19. 19. Premium<br />Middle-of-the-Road<br />Value Brands<br />Time<br />Value Brands normally drive out the middle-of-the-road segment in most categories over time<br />Why & How?<br /><ul><li>Category and Market Share growth because
  20. 20. Value brands address aspiration needs of the masses
  21. 21. Value brands are “good enough”…and more attractive than private label
  22. 22. Made possible through
  23. 23. Proliferation of low priced channels
  24. 24. “Insurgent” business models</li></ul>PricePoints<br />
  25. 25. <ul><li>#1 in China
  26. 26. 24% market share</li></ul>Chinese detergents– The Diao Story<br /><ul><li>Originally produced using excess capacity in P&G, Henkel factories, etc.
  27. 27. Now produced in 5 ‘close to consumer’ factories
  28. 28. Extensive distribution with substantial intermediary incentives / trade marketing
  29. 29. Priced > 30% less than major brands</li></ul>09/07/10 – ND/pr<br />
  30. 30. Chinese Detergents<br />Diao rapidly ate up everybody else’s lunch to become the leader<br />Diao Market Share, 1992-2003<br />% Market Share<br />Relative Share by Value, 2003<br />% Market Share<br />Diao BrandLaunched<br />DejaVous?<br />09/07/10 – ND/pr<br />
  31. 31. A number of other examples…….<br /><ul><li>Nirma (the ‘original’ value brand) ,Ghadiand Fena in the detergents market
  32. 32. Ujalafabric whitener – 65% market share, displaced Robin Blue
  33. 33. A number of global examples…….</li></ul>Procter & Gamble is expanding their portfolio into the value-priced segment. The successful launches of <br /><ul><li>Mach3 disposable razors in the U.S.
  34. 34. Pampers Simply Dry diapers in Germany
  35. 35. Naturella feminine care pads in the Arabian Peninsula </li></ul>are three recent examples of products in this category. <br />L’Oreal ventured into the value products segment via its high-end brand The Body Shop. They launched a new line of cosmetics called The Original Collection, which includes 11 iconic Body Shop products sold at attractive prices.<br />09/07/10 – ND/pr<br />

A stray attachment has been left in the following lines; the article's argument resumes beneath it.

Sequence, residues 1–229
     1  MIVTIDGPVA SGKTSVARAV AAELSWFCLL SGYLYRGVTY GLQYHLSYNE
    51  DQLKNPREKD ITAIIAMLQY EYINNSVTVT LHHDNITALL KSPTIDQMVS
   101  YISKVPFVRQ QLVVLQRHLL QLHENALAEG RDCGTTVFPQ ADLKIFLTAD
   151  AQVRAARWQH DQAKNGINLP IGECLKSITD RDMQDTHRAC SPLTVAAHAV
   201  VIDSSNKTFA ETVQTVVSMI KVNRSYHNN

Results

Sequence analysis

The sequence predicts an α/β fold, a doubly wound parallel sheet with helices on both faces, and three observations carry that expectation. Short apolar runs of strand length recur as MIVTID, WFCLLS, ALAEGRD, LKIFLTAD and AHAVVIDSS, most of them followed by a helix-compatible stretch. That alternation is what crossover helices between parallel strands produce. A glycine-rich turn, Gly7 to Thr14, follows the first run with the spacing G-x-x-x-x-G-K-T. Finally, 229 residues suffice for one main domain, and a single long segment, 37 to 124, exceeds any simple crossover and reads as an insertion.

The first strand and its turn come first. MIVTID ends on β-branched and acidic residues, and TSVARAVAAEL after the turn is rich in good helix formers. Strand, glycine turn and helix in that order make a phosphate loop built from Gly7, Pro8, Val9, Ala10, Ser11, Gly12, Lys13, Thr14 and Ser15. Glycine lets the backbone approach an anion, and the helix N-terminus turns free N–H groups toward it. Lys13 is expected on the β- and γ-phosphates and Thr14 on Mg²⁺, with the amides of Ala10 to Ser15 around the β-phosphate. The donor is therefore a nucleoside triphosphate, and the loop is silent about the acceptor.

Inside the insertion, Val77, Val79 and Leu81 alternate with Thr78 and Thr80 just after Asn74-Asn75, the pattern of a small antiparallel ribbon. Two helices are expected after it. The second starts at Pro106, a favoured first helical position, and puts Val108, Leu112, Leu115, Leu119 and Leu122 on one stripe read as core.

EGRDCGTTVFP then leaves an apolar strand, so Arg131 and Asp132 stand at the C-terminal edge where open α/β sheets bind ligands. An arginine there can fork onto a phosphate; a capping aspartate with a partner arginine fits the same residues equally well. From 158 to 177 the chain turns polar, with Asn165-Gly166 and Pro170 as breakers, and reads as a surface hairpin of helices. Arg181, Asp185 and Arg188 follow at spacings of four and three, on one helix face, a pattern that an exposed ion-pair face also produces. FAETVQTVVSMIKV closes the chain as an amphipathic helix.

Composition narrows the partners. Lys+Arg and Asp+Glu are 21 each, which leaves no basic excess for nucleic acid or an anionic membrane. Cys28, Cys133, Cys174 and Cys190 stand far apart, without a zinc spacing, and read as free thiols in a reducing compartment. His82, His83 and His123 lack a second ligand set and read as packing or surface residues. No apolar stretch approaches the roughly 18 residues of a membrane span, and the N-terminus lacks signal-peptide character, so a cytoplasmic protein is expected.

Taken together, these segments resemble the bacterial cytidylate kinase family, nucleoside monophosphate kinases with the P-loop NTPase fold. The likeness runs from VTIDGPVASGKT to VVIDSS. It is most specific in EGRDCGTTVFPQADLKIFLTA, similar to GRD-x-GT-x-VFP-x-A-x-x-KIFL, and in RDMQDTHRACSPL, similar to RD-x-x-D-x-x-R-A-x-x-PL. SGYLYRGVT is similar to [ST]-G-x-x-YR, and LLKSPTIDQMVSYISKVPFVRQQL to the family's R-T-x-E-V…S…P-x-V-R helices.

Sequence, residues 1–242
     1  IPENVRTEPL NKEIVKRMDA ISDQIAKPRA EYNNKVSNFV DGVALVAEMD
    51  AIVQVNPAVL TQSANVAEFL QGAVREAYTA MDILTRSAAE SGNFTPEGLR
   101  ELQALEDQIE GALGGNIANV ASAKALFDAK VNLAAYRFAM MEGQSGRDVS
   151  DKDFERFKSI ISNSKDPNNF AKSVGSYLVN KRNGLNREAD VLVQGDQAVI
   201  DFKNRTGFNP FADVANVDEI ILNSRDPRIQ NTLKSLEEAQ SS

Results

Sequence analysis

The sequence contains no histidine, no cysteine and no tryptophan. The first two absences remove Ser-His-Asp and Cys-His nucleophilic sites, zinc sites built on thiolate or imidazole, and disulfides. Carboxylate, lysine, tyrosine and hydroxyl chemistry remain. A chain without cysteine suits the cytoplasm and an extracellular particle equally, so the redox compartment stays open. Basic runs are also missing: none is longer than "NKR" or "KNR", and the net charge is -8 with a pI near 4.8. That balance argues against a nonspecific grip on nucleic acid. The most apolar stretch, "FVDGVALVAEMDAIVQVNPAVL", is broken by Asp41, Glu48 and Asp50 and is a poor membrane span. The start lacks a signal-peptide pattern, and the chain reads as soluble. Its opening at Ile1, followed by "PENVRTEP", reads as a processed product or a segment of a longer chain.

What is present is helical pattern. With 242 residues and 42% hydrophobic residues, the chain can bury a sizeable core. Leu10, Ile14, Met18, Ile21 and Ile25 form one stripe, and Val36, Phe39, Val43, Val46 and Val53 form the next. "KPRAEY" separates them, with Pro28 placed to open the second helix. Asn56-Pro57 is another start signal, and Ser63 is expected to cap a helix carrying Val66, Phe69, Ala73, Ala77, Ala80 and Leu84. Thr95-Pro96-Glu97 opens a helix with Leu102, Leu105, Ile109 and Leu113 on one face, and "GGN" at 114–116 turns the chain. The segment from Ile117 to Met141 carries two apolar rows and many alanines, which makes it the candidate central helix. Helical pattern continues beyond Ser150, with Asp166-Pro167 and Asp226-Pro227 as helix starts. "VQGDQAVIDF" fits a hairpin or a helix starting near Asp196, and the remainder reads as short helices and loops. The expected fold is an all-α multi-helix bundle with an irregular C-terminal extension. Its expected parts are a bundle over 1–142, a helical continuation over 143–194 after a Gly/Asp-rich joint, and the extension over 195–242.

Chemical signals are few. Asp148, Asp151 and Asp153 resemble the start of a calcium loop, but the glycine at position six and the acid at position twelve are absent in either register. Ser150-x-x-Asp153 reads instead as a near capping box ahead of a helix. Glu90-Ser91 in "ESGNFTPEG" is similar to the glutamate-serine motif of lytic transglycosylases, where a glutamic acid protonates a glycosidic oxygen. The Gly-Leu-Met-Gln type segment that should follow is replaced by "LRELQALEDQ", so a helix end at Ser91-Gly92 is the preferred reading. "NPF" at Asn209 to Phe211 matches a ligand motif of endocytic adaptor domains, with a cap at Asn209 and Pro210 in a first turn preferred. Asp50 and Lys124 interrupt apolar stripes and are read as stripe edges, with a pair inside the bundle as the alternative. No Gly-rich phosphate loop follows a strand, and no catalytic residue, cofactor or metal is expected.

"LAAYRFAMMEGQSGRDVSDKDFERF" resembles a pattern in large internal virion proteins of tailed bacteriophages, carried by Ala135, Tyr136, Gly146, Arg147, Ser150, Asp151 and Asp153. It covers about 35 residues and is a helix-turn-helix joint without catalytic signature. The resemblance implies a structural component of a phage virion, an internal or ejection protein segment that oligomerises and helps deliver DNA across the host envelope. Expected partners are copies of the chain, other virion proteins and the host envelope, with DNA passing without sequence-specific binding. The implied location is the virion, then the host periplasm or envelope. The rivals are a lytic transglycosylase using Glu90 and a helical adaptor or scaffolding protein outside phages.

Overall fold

36. 36. Roadmap<br />What are Value Brands?<br />What does it take to build Value brands?<br />Issues involved in penetrating International markets<br />
  37. 37. Primary condition<br /><ul><li>Big market in the chosen category
  38. 38. Value Brands strategy is not about winning a small prize at a low price
  39. 39. Nano is a Value Brand. Addresses a huge 2 wheeler market which has millions of car aspirants
  40. 40. Mayonnaise is not a category in India for a Value Brand. Niche market best addressed by a Store Label</li></ul>9650_India<br />09/07/10 – ND/pr<br />
  41. 41. Build low-cost <br />Business <br />model<br />Grow volumes <br />1 <br />4<br />2 <br />3<br />Increase <br />distribution<br />Pass margins on to retailers<br />Value Brands Virtuous Circle is not just about branding<br />How are Value Brands created?<br />Isn’t it what Micromax, Amul and Diao did?<br />09/07/10 – ND/pr<br />